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Target files brief in Indiana case in support of gay marriage

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Target Corp. is adding its name to a legal defense of gay marriage, joining other large companies that are taking a stand, just four years after the retailer came under criticism for supporting a strident opponent of same-sex unions. The company has filed a court brief backing marriage equality  in the case pending before the 7th Circuit Court of Appeals invovling Indiana and Wisconsin same-sex marriages.

Target said it has signed a court brief backing marriage equality and publicly declared its support of gay marriage, a move similar to those taken by Starbucks, Intel and Apple.

"It is our belief that everyone should be treated equally under the law, and that includes rights we believe individuals should have related to marriage," Target Executive Vice President of Human Resources Jodee Kozlak wrote on the company's blog.

Target has come under fire in the past from gay rights activists who threatened boycotts after the retailer — along with Best Buy and 3M — donated hundreds of thousands of dollars to an organization that supported Republican Tom Emmer, a vocal opponent of gay marriage, in the 2010 Minnesota governor's race.

Target has worked to win back customers in the lesbian, gay, bisexual and transgender community and has long offered benefits to the same-sex partners of employees.

Nearly all of Minnesota's biggest corporations declined to take a position on the 2012 state referendum to ban gay marriage except for General Mills, which opposed the ban. The referendum failed and the state Legislature passed a bill recognizing same-sex marriage in 2013.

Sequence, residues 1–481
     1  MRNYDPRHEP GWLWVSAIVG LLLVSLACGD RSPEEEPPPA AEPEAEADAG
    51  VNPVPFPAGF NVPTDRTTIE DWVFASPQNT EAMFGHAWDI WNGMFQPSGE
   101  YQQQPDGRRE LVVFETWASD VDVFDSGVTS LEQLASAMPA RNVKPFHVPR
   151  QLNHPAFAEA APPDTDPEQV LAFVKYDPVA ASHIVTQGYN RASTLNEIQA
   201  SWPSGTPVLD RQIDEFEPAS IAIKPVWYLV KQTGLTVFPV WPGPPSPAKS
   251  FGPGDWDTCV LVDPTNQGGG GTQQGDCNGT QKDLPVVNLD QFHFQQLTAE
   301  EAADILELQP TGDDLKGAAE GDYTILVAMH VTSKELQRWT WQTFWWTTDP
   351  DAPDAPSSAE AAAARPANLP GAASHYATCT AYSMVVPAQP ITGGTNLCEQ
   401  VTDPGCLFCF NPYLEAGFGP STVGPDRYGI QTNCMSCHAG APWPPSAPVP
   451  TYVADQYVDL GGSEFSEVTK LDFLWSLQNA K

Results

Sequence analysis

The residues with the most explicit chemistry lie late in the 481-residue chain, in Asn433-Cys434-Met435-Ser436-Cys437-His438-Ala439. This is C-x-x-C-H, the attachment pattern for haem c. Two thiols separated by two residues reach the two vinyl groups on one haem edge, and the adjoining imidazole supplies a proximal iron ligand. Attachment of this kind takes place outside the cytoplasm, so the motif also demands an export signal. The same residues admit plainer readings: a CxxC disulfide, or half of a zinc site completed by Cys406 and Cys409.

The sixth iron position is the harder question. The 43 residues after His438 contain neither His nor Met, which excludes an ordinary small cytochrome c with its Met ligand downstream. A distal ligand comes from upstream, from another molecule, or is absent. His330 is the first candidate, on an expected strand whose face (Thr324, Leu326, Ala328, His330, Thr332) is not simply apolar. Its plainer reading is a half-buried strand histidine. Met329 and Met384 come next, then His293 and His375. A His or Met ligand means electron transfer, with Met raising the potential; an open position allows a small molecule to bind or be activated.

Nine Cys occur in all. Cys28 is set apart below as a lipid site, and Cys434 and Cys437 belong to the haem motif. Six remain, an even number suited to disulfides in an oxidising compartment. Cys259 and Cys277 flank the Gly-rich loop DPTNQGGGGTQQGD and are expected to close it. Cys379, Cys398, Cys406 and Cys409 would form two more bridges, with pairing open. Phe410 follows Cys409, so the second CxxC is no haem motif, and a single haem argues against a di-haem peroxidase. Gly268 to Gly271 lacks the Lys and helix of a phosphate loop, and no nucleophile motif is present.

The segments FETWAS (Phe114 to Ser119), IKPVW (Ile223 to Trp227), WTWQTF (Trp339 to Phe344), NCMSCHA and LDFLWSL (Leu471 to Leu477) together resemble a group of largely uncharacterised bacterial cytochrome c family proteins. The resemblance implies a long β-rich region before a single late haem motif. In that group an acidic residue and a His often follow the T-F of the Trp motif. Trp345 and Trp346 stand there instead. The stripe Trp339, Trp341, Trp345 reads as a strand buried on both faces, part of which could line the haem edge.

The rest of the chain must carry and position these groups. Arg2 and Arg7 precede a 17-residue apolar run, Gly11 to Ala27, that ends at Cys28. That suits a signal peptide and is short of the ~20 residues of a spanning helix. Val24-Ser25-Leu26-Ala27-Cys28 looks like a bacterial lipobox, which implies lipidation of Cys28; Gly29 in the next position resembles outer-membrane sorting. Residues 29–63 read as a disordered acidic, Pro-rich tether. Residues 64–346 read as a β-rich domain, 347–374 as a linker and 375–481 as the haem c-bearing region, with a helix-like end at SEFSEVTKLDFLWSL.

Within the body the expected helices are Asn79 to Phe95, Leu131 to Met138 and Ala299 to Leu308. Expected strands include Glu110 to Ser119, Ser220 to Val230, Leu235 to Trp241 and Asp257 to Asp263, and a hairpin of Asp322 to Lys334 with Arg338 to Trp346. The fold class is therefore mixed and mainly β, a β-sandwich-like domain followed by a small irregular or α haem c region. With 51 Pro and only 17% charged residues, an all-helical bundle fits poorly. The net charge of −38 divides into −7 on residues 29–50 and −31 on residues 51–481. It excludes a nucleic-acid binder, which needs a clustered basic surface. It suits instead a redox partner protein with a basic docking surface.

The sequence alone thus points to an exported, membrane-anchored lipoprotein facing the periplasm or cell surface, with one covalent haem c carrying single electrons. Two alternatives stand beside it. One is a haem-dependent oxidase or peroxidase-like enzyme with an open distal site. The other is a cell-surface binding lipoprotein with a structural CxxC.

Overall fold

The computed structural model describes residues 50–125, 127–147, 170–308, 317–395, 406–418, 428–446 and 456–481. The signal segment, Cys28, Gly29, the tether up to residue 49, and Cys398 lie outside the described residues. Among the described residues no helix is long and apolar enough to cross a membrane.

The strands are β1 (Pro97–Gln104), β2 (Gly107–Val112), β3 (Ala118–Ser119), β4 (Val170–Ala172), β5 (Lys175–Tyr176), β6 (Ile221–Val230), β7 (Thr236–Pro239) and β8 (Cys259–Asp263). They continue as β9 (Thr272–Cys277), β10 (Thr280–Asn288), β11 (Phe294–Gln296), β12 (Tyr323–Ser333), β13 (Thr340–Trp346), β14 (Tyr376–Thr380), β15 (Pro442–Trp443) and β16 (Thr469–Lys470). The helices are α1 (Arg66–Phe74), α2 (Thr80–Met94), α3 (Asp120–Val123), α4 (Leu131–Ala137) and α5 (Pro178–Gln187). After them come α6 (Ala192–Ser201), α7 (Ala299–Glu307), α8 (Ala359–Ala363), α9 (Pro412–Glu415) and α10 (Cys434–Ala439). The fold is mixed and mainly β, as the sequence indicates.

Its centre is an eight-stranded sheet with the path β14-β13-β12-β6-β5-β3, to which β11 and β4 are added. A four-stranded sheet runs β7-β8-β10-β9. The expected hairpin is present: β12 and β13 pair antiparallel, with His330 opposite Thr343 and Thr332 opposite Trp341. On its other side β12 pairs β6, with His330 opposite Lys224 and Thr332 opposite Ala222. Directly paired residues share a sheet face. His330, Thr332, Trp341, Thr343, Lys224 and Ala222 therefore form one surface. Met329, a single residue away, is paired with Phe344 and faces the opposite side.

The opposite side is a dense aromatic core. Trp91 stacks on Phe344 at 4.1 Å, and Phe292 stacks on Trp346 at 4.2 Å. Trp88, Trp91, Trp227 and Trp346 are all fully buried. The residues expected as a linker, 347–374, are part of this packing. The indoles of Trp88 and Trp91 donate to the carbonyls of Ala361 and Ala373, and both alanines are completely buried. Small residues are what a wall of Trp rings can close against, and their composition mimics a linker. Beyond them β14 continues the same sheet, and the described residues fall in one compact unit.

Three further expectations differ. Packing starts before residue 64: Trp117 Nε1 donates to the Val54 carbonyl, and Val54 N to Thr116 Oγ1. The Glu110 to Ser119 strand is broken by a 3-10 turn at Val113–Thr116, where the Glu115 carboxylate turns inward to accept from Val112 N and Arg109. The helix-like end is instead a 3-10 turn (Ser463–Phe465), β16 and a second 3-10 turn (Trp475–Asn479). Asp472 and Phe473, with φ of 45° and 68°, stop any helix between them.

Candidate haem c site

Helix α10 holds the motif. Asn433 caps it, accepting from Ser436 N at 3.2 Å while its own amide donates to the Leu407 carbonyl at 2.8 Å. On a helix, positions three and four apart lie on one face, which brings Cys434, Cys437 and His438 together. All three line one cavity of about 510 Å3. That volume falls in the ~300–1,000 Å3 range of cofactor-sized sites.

Phil Duran, legal director of OutFront Minnesota, which worked to defeat the state's referendum to ban gay marriage, called Target "a powerful voice."

A spokeswoman for the Minnesota Family Council, which led the charge against gay marriage, predicted that the move will backfire.

"This is a very risky business decision and ultimately the wrong one because it is families that shop at Target," Autumn Leva told the Star Tribune. "People in Minnesota are still deeply divided on this issue."

The case in which Target has filed a brief combines legal actions in Wisconsin and Indiana. Federal judges overturned gay marriage bans in both states and state officials appealed. The case is scheduled for an Aug. 26 hearing in the 7th U.S. Circuit Court of Appeals.

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  1. He did not have an "unlicensed handgun" in his pocket. Firearms are not licensed in Indiana. He apparently possessed a handgun without a license to carry, but it's not the handgun that is licensed (or registered).

  2. Once again, Indiana's legislature proves how friendly it is to monopolies. This latest bill by Hershman demonstrates the lengths Indiana's representatives are willing to go to put big business's (especially utilities') interests above those of everyday working people. Maassal argues that if the technology (solar) is so good, it will be able to compete on its own. Too bad he doesn't feel the same way about the industries he represents. Instead, he wants to cut the small credit consumers get for using solar in order to "add a 'level of certainty'" to his industry. I haven't heard of or seen such a blatant money-grab by an industry since the days when our federal, state, and local governments were run by the railroad. Senator Hershman's constituents should remember this bill the next time he runs for office, and they should penalize him accordingly.

  3. From his recent appearance on WRTV to this story here, Frank is everywhere. Couldn't happen to a nicer guy, although he should stop using Eric Schnauffer for his 7th Circuit briefs. They're not THAT hard.

  4. They learn our language prior to coming here. My grandparents who came over on the boat, had to learn English and become familiarize with Americas customs and culture. They are in our land now, speak ENGLISH!!

  5. @ Rebecca D Fell, I am very sorry for your loss. I think it gives the family solace and a bit of closure to go to a road side memorial. Those that oppose them probably did not experience the loss of a child or a loved one.

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